China furious after Trump approves final arms deal with Taiwan amid soaring tensions

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Four drone systems have now been agreed with Taiwan as part of Mr Trump’s ambitious arms deal. Since October, the US has agreed a series of arms deals with Taiwan despite the consistent threats from China. The MQ-9B Sea Guardian drone will be equipped with a further targeting system which will cost $600million (£461million).

The Defense Security Cooperation Agency said the sale of the unmanned aircraft will serve as part of America’s national and economic interests.

It stated: “This proposed sale serves US national, economic, and security interests by supporting the recipient’s continuing efforts to modernize its armed forces and to maintain a credible defensive capability.

“The proposed sale will help improve the security of the recipient and assist in maintaining political stability, military balance, economic and progress in the region.”

However, as is usual with China’s stance against interference from foreign states in the region, Beijing’s foreign ministry issued its latest warning to the US.

Speaking today, foreign ministry spokesman, Wang Wenbin said China will be forced to take action if the US continues its deals with Taiwan.

He said: “I’d like to stress again that the US arms sales to the Taiwan region severely violate the one-China principle.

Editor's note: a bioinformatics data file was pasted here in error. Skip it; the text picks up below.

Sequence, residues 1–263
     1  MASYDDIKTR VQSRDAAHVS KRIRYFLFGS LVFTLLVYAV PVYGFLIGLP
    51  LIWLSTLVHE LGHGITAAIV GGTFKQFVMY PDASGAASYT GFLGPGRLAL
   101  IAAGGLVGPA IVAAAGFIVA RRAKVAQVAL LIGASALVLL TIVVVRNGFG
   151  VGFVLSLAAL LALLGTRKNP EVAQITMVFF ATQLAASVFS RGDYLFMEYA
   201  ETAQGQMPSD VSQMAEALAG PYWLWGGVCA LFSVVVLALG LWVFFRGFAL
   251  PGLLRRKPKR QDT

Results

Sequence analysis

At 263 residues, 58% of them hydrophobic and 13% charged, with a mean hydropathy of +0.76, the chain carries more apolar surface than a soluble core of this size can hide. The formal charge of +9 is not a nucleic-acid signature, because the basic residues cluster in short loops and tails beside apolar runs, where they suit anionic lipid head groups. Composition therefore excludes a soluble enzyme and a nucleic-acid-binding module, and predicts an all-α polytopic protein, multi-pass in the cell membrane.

“China urges the United States to stay committed to the one-China principle and the three China-US joint communique, stop arms sales to and military ties with the Taiwan region, and immediately cancel its arms sale plan to avoid further damaging China-US relations and cross-strait peace and stability.

“China will take legitimate and necessary reactions to firmly safeguard national sovereignty and security interests.”

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As well as the drone system sold to Taiwan, the US Congress approved sales of the Harpoon coastal defence missile system, a mobile artillery rocket system, land missiles worth $1billion (£769million) and reconnaissance equipment for F-16 fighter jets.

Experts claim these deals will significantly improve Taiwan’s defence capability.

Beijing sees Taiwan as a part of the mainland and within the ‘One China’ policy and has claimed it will one day reclaim the state.

While the US does not have any official diplomatic ties with Taiwan, Washington did sign the 1979 relations act with the state.


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Under the Taiwan Relations Act, the US has agreed to supply the state with arms in order to defend itself.

The US has also increased its naval drills in the East and South China Seas in order to stop Beijing’s aggressive land claims.

This year, the US has sent two officials to the state in a move designed to show its continued defence of the state against China.

Health Secretary, Alex Azar journeyed to China in August in what was the highest-ranking state visit from the US since 1979.

In September, US undersecretary of state Keith Krach, visited the state.

Although he visited Taiwan to attend the funeral of former president, Lee Teng-hui, China sent fighter jets and bombers across the Strait in a show of force.

The jets entered Taiwan’s southwest air defence system and caused Taipei to scramble jets in response.

Although there were no clashes, Taiwan insisted China had violated its sovereignty.

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